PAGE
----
Three Slavery and Abolition worksheets
: Multiple choice with 74 questions for a thorough review or test, plus 2 matching worksheets -- one basic, one advanced so you can have differentiated learning materials at your fingertips!
All three of these Slavery Worksheets / Abolition Worksheets cover the same basic content: the institution of slavery in the United States from about 1800 through 1860, as well as the growing abolition movement taking hold of the nation during that time.
The first worksheet is a comprehensive multiple-choice exercise focused on slavery and abolition, containing 74 questions that can be answered using most high-school level textbooks or online resources related to United States slavery in the 1800s.
The last two worksheets consist of matching problems designed to help students do a targeted review of key people and items that they should have mastered. Because the matching worksheets focus only on these highly important historical entries, they work very well as quizzes or tests.
Matching Worksheet A is the “basic” version of such a test because there are no extraneous answers provided as distractors. Teachers may find that Worksheet A is perfect for students who benefit from more streamlined materials.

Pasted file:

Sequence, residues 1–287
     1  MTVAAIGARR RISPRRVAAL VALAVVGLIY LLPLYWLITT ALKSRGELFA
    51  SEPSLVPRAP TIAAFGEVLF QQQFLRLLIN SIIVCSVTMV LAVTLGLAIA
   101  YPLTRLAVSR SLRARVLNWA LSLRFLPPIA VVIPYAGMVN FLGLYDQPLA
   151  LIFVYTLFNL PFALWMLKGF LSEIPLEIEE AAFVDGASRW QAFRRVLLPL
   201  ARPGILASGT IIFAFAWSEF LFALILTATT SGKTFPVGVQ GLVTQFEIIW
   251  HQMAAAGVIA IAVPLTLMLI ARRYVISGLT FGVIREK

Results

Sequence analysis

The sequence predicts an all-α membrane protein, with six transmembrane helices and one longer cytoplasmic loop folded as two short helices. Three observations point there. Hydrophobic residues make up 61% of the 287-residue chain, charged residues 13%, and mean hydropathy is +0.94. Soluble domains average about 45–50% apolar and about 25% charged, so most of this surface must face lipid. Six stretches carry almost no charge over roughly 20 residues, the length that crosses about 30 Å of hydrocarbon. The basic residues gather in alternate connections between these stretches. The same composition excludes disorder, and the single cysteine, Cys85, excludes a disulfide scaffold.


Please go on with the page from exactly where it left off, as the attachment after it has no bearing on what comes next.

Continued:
Matching Worksheet B, on the other hand, is the “advanced” version of the same test. Questions and answers are identical to those on the “ basic” matching worksheet, but additional unused answers are also mixed in so that students have more entries to choose from.
CONTENT INCLUDED IN THESE SLAVERY WORKSHEETS / ABOLITION WORKSHEETS
These question cover the following range of topics commonly studied in U.S. history / American history classes:
• Anti-slavery societies and the plan for resettlement of freed slaves in Africa
• Influence of preachers / ministers / religion in the abolition movement
• William Lloyd Garrison and his abolitionist newspaper, The Liberator